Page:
Bandar bin Mohammed al-Aiban told the UN Human Rights Council that those on trial for the "heinous crime" and "unfortunate accident" at its Istanbul consulate on Oct 3 had attended three hearings so far with their lawyers present.
Saudi Arabia on Thursday reiterated its rejection of calls for an worldwide, independent investigation into the murder of journalist Jamal Khashoggi, insisting it was well equipped to bring the perpetrators to justice. While he provided no names or details about the men who have been charged, he assured the 47-member council that Saudi Arabia is adhering to its own constitutional principles as well as global law.
But Aiban said Saudi Arabia would not accept what he termed as foreign interference in its domestic affairs and judicial system.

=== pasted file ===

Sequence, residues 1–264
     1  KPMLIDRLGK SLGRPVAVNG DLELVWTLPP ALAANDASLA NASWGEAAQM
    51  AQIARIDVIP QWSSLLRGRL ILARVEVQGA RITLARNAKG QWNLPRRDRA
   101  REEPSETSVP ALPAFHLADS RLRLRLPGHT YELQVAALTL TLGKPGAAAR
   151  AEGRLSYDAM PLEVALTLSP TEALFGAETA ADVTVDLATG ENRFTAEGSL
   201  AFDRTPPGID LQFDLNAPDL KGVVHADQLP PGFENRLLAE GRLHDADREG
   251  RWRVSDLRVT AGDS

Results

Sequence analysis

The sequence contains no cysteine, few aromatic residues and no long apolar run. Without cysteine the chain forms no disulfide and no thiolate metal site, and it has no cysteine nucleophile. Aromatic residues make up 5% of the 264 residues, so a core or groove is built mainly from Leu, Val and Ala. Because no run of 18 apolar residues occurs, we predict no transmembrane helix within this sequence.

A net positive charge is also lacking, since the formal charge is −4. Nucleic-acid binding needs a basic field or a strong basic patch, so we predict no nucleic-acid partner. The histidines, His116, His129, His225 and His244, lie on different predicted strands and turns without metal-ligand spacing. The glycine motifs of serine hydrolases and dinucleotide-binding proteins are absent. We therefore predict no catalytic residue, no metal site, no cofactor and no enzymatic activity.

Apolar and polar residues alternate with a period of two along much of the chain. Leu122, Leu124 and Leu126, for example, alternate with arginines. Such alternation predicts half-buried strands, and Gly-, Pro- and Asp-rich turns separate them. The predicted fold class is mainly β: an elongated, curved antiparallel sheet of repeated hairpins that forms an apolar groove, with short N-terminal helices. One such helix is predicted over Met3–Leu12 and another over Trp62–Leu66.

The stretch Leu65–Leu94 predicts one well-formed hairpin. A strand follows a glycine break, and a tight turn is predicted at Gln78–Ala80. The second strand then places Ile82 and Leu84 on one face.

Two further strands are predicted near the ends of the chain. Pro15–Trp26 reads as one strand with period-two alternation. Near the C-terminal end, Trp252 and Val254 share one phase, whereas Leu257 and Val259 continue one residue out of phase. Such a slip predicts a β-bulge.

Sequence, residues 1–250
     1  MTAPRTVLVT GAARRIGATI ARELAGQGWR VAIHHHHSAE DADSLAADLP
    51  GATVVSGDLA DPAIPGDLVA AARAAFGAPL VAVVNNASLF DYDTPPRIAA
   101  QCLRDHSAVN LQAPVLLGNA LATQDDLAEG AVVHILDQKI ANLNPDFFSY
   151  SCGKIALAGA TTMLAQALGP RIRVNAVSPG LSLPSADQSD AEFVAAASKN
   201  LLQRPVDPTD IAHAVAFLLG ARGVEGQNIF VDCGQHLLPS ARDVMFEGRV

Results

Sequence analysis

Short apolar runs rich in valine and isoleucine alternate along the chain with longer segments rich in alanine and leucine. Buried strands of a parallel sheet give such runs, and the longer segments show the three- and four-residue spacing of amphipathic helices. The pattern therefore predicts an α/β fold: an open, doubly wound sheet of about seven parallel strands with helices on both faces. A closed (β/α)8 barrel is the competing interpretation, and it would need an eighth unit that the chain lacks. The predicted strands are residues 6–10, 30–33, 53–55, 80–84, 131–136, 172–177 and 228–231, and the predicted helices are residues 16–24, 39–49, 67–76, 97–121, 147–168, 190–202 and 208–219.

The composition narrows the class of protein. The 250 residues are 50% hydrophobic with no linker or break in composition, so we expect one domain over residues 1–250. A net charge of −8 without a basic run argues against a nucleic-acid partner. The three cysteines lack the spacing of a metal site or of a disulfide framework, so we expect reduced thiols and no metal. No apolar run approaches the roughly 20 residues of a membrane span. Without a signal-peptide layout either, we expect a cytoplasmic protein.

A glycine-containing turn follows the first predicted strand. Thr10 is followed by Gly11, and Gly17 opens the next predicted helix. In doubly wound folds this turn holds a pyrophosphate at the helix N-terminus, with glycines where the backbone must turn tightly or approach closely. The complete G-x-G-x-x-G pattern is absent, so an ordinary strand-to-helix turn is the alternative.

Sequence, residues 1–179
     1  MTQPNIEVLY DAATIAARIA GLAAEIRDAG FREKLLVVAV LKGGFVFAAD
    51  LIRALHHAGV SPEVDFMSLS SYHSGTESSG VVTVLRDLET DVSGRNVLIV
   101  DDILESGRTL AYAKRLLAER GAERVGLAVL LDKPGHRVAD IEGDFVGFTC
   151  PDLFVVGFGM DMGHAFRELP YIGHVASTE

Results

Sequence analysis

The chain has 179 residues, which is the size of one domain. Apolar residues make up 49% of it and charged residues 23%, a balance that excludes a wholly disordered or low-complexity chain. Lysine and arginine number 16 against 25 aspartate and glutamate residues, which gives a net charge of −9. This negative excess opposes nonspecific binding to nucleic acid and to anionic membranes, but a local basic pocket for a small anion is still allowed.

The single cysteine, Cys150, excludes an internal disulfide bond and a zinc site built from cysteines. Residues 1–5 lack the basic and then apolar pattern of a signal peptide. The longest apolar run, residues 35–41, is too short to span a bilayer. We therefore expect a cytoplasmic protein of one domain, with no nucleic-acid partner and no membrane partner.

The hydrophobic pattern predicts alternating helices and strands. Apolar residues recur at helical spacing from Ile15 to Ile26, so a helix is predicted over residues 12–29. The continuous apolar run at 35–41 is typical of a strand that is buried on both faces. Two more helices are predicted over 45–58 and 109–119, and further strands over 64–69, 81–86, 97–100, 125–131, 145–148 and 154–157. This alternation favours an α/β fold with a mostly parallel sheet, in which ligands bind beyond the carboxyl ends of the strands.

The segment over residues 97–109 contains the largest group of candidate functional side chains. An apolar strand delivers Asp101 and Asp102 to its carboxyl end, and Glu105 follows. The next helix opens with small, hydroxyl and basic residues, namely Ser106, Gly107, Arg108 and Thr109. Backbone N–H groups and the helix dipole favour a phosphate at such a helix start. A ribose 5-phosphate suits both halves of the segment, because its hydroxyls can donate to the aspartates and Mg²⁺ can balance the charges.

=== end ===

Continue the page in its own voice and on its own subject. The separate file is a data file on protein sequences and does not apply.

The Turkish Justice Ministry said it had requested Interpol red notices for 18 people on November 15 and for two more on December 21 without identifying the individuals.
Al-Aiban spoke as the 47-member Human Rights Council conducted Thursday a regular review of Saudi Arabia's human rights record, a periodic process faced by all United Nations member states.
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It announced General Secretariat of Interpol published the red notice March 1 in accordance with Turkey's request.
But that explanation has been roundly rejected outside of the kingdom, as pressure mounts for Mohammad bin Salman, whom many believe had to have signed off on Khashoggi's killing, to be held to account. He was killed inside Saudi Arabia's consulate in Istanbul on October 2.
The Saudi government has denied any involvement by the crown prince.
Previously, Saudi officials have said 11 people have been indicted in relation to the Khashoggi murder and that five suspects will face the death penalty.
The killing has severely strained ties between Turkey and Saudi Arabia, although Turkish President Tayyip Erdogan has good ties with the Saudi monarch, King Salman.